Paragraph ( d) of section 19 of the Workmen's Compensation act provides that if any employee shall refuse to submit to such medical, surgical or hospital treatment as is reasonably essential to promote his recovery, the commission may, in its discretion, reduce or suspend the compensation of any such injured employee. Whittika's assent to an operation upon condition that the defendant in error pay him compensation to July 31, 1924, the day on which the offer to have the operation performed was made, was a refusal of the offer made by the employer. It was the duty of the Industrial Commission to determine whether the employee should submit to the operation and whether it was reasonably essential to promote his recovery, and if the commission determined that an operation was reasonably necessary and the employee refused to submit to it, the employer should not be compelled to pay compensation. ( Pocahontas Mining Co. v. Industrial Com. 301 Ill. 462; Hafer Washed Coal Co. v. Industrial Com. 293 id. 425.) Whittika's medical witness, Dr. Lindquist, testified that the only cure for his ailment was an operation. There was no suggestion that the operation requested by the employer would be dangerous, either on account of its nature or of Whittika's condition. The evidence shows that the operation was reasonably necessary to effect his recovery. The commission had no right to ignore the question and order the payment of compensation.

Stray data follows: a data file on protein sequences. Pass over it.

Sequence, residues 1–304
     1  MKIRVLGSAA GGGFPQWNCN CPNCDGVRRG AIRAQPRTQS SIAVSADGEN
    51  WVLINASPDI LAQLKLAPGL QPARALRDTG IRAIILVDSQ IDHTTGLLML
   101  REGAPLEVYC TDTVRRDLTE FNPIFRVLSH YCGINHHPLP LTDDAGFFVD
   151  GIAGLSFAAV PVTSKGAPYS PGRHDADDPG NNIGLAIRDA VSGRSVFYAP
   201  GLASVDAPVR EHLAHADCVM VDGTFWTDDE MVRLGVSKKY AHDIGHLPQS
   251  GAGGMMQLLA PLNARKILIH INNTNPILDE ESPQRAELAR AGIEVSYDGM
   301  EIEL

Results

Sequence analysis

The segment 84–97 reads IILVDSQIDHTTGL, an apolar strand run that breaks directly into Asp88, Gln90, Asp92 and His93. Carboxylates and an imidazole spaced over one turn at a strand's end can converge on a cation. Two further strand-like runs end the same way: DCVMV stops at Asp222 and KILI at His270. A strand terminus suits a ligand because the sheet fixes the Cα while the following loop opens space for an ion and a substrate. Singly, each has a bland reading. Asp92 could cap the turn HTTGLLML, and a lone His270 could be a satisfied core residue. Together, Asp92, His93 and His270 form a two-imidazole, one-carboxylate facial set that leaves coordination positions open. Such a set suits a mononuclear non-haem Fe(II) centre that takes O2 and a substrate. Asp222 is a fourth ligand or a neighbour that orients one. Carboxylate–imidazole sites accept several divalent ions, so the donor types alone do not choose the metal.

The plaintiff in error, however, asserts that the defendant in error has waived the right to raise the question of Whittika's refusal to submit to an operation. The offer was made and refused at the hearing before the commission on July 31, 1924. The commission ignored it, and its act in doing so was not attributable to any fault of the defendant in error. The cause was removed to the circuit court by the defendant in error, and that court set aside the decision of the commission for the reason that Whittika had refused to submit to an operation. There was no waiver of the right to raise the question.

The judgment of the circuit court is reversed and the cause is remanded to that court, with directions to remand the cause to the commission for further consideration, with leave to the parties to introduce further evidence if they so desire.

Reversed and remanded, with directions.